Chapter VII

An Option-Adjusted Model of CLO Risk and Return

Most of the work involved in evaluating CLOs focuses on the options embedded in loans and structure, but an approach first described by Robert Merton and applied to corporate debt may eventually make the work much easier. An option-adjusted model of CLO value would open a new frontier in CLO investing.

An option view of CLOs

Any credit instrument, including CLO debt, runs the risk that the issuer will not repay. Merton argues the issuer will default if the market value of company assets drops below the face value of debt at maturity. The issuer effectively owns company assets and a put option on the assets struck at a price equal to the face value of outstanding debt and with expiration of the option set at maturity. Corporate debt, on the other hand, equals a long position in a riskless bond and a short position in a put option.

Merton makes the simplifying assumptions that the issuer has only a single zero-coupon bond outstanding and either repays the debt or liquidates the company. Other analysts extend Merton’s model to companies issuing debt with covenants, senior and subordinated features and coupons. Other work handles taxes and bankruptcy costs. KMV, a company providing credit analytics, has adapted Merton’s framework to other complexities of corporate balance sheets, including callable debt and debt with different maturities. Perhaps as importantly, Merton’s approach has allowed analysts to use market pricing of risk as an alternative to traditional projections of loan or bond default.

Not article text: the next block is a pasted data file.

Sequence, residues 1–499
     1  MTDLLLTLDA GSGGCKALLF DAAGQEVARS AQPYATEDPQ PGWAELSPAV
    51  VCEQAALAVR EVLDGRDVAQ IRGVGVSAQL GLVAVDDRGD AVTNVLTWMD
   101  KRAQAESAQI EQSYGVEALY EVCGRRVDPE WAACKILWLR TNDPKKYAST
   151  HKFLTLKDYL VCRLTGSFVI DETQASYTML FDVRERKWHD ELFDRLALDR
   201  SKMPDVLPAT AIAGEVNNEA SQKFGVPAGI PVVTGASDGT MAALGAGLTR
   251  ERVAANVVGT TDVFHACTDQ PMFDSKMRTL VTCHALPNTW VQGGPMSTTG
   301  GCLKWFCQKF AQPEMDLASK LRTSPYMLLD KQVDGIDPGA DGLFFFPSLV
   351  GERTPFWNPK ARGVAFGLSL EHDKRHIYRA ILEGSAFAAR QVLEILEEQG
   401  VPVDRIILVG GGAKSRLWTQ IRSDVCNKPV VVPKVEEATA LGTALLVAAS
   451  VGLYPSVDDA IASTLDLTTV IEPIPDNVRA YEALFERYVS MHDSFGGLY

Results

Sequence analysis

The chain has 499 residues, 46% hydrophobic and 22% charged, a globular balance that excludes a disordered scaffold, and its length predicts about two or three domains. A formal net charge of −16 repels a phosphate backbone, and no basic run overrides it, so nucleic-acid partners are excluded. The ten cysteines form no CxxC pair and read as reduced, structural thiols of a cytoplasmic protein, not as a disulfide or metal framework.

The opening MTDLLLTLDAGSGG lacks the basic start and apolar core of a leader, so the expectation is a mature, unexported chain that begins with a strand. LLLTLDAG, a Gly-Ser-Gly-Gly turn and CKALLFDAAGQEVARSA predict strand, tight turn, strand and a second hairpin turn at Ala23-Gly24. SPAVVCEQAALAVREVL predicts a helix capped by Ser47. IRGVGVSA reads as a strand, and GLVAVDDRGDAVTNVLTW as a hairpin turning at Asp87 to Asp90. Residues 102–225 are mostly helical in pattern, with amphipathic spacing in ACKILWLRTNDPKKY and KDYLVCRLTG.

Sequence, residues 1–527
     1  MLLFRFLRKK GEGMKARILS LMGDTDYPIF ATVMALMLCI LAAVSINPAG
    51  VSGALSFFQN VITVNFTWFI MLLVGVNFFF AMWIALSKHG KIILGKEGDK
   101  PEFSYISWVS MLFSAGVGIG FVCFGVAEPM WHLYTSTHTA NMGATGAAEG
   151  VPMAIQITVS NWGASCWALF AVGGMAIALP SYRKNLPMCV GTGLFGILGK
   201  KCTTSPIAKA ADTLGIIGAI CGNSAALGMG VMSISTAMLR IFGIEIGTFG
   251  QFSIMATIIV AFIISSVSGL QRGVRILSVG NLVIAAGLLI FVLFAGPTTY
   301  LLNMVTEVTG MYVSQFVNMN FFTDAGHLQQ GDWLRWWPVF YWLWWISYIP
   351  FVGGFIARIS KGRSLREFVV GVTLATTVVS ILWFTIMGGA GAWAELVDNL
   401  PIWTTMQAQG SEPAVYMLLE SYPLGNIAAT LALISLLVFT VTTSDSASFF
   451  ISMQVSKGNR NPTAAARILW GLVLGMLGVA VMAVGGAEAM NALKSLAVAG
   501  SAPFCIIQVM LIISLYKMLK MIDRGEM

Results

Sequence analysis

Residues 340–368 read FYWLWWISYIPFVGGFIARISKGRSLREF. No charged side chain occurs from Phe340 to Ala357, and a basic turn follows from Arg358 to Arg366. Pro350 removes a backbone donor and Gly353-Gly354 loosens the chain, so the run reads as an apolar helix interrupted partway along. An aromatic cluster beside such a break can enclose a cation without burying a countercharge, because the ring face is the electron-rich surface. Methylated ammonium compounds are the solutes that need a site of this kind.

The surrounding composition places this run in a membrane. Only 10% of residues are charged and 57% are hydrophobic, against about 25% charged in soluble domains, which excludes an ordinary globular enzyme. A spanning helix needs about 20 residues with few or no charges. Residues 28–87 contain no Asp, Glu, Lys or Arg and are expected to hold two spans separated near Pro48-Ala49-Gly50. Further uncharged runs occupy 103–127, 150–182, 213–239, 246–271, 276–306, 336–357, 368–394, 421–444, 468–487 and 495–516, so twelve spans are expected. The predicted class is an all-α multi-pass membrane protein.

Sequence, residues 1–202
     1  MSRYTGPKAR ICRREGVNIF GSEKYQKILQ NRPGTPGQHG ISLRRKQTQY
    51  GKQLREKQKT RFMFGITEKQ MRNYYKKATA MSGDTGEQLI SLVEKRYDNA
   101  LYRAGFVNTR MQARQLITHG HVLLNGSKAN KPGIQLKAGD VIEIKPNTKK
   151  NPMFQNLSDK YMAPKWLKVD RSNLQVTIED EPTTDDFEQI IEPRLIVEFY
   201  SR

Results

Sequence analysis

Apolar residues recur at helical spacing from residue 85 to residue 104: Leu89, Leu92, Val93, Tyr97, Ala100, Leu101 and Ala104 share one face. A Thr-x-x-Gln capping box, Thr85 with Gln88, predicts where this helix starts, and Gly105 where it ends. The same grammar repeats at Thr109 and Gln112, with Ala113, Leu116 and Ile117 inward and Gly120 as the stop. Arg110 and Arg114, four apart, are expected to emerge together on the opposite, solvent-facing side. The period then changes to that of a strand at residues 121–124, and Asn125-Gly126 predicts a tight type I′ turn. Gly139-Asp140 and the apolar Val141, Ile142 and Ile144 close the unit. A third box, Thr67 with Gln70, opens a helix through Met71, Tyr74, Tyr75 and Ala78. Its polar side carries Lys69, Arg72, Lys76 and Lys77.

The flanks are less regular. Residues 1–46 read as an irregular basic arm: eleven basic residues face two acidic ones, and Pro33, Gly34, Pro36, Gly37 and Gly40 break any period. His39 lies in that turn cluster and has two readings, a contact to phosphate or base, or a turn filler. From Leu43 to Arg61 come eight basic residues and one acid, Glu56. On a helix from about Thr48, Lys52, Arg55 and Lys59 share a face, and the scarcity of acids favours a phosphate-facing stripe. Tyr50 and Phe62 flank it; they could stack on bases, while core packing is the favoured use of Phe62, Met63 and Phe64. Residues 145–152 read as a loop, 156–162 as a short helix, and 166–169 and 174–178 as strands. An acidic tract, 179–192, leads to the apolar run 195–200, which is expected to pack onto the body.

CLOs have a number of features that make application of Merton relatively direct:

  • The market value of the CLO asset is transparent. The portfolios of leveraged loans that constitute CLO assets largely trade in active markets, allowing a Merton framework to use asset value directly rather than inferring it from publicly traded equity, which is common practice for corporate debt.
  • The expected volatility of asset value is priced. Options on portfolios of leveraged loans also trade in active markets, offering some measure of market expectations for the volatility of portfolio price.